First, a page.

BRATTLEBORO—Gov. Peter Shumlin worked the packed American Legion banquet room on Linden Street July 9, shaking hands with a few of the more than 200 people gathered there for lunch.
The group of businesspeople, lawmakers, planners, and media-types awaited news on the latest application process for the $10 million in economic development funds from Entergy for Windham County.
The scene, replete with twinkling disco ball overhead, prompted one observer to remark, “Welcome to Studio 10 million.”
The Agency of Commerce and Community Development (ACCD) spent months devising a program to distribute the funds, which will arrive in five annual $2 million allotments.
Through multiple meetings and public comment, the ACCD developed a competitive application process that will give businesses access to a developing revolving loan fund, and nonprofits and municipalities access to grants.
About $200,000 each year will be available for marketing, planning, and studies.
“My strong bias is, let’s make sure we use this in a way to jump-start folks who are bringing new jobs and existing jobs,” said Shumlin of the Windham County Economic Development Program (WCEDP) funding.
“Let’s not blow it,” he said, and urged that as little as possible of the fund be spent on local administration.
Shumlin, who was joined by Agency of Commerce and Community Development Secretary Pat Moulton, intended his luncheon remarks to get people on the same page over WCEDP funding before the state releases application materials, which it is gearing up to do within weeks.
Public debate was strong as WCEDP took shape. Many believe the anticipated loss of Entergy’s Vermont Yankee nuclear power plant at the end of the year will further stress a frazzled Windham County economy.
The town of Vernon and the county have hosted Entergy’s Vermont Yankee nuclear plant for more than 40 years. The plant employs more than 600 skilled workers from Vermont, New Hampshire, and Massachusetts, and offers above-average wages for the region.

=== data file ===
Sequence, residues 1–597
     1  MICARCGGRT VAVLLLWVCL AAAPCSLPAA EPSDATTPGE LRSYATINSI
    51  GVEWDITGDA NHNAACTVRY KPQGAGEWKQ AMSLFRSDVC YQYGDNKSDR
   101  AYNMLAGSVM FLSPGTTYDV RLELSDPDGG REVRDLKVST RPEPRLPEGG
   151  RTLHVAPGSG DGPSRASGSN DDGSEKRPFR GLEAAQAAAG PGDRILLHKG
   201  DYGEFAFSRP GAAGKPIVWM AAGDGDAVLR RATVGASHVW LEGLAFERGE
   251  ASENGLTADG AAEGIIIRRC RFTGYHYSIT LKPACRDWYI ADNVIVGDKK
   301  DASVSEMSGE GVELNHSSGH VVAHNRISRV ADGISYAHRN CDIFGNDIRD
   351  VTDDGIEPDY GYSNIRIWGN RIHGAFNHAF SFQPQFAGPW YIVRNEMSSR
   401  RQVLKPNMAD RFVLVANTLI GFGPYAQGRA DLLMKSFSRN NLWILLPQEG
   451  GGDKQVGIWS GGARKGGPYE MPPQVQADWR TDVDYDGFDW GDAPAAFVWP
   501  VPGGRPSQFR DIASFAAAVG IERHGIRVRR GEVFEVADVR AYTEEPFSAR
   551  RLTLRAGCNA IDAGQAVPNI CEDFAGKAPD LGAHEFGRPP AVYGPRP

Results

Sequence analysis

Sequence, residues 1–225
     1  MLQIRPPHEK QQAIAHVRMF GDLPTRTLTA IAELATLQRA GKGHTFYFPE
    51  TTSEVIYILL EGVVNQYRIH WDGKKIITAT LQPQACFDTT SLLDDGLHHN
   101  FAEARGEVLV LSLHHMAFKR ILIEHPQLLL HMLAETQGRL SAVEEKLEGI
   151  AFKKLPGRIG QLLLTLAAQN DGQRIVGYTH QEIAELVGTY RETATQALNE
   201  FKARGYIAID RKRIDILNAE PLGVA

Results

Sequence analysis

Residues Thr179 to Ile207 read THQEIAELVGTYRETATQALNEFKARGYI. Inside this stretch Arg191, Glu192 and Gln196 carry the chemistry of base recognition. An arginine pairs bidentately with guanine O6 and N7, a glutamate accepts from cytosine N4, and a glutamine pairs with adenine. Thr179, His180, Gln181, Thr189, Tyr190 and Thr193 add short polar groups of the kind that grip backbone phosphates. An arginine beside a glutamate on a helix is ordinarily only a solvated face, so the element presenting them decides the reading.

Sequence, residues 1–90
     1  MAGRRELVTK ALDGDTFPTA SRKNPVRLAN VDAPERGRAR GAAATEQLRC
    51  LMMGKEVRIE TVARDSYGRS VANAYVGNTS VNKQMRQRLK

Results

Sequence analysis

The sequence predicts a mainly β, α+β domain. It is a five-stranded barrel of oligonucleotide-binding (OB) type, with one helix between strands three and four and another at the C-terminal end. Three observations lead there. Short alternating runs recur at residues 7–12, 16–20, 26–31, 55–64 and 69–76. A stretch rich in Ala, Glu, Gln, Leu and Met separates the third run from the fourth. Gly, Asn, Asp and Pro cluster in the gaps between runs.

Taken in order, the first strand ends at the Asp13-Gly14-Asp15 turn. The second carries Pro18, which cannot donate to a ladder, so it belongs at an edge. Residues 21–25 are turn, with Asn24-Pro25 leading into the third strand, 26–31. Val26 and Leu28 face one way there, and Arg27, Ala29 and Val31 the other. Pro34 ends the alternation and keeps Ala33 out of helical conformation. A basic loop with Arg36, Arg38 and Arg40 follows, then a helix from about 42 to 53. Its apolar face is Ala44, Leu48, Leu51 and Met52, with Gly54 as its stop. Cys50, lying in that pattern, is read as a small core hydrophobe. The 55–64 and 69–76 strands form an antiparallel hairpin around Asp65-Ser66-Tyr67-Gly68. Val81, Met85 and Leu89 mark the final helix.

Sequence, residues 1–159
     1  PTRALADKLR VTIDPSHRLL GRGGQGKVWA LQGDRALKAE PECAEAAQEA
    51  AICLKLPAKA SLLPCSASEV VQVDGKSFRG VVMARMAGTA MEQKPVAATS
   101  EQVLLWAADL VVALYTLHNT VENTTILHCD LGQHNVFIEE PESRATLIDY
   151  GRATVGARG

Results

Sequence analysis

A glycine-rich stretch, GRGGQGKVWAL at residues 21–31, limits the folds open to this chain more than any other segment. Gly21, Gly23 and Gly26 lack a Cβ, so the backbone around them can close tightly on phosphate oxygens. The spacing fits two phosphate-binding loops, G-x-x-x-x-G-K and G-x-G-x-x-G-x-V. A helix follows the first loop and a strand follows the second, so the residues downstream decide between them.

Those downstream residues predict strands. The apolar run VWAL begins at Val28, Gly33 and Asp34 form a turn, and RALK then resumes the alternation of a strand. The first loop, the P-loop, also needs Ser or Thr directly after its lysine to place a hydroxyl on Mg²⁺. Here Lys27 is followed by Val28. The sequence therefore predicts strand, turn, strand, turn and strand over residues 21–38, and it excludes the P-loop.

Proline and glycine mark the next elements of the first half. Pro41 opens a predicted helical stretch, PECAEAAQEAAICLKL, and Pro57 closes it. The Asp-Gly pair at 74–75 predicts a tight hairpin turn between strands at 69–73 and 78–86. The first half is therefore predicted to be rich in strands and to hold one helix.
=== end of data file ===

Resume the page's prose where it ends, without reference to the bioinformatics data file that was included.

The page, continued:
Entergy agreed to give the $10 million to support economic development in Windham County as part of a December memorandum of understanding with the state.
After waving down a standing ovation, Shumlin told his Brattleboro Area Chamber of Commerce luncheon audience that he reached out to Entergy when the company announced it would close VY.
He said that despite Entergy’s “checkered history” with Vermont — he alluded to the sometimes acrimonious relationship that led to a dustup in federal court over the state’s attempt to regulate VY — both parties agreed that they need to help VY’s employees and the region as the plant closes, and beyond.
According to Shumlin, Entergy wants to partner with the state to develop a good decommissioning process, take care of its employees, and leave Windham County with a vibrant economy.
Shumlin said the WCEDP will help grow jobs that may not have taken root without an influx of funding. He said the county needs to grow: its jobs, its population, and its opportunities. The money shouldn’t fund the status quo, he said, but rather prime the pump of opportunities.
Shumlin emphasized that his vision is for the funding to help create good jobs — those that pay above average. (According to the U.S. Bureau of Labor Statistics, the annual median annual income in Vermont is $44,060.)
Shumlin also spoke of maximizing the WCEDP funding so the county might transform VY’s closure into a “quality of life opportunity for all.”
He noted that the WCEDP funds give Windham County a new advantage: The county lacks desirable infrastructure that exists elsewhere in the state, such as Burlington with its international airport and University of Vermont.
Windham County now has access to capital not available elsewhere in the state, he said.
Shumlin admitted that he did not like the idea of businesses receiving grants, saying that if a grant means the difference between a business succeeding or going under, then that business lacks sustainability.
Vernon Selectboard chair and former state Rep. Patty O’Donnell pressed Shumlin on why Vernon and its residents did not receive a funding earmark.
“Vermont Yankee people should get priority because that’s what this money is all about,” she said.
Shumlin said he’d take her comments under advisement.
Rep. Tristan Toleno, D-Brattleboro, whose catering business provided the food for the luncheon, said that he felt disappointed the program didn’t include seed funding for businesses. He pointed out that entrepreneurs and research-and-development projects often benefit from an influx of funding to get them off the ground.
Shumlin also acknowledged that people may feel like “the heavy hand of Montpelier” was controlling the WCEDP fund, and said the WCEDP program combines the best of local community involvement and Montpelier’s administrative abilities.
“Let’s do it right. We have a huge opportunity and we should see it as that,” he said.
The luncheon was sponsored by the Brattleboro Area Chamber of Commerce, the Vermont State Employees Credit Union, and WKVT radio.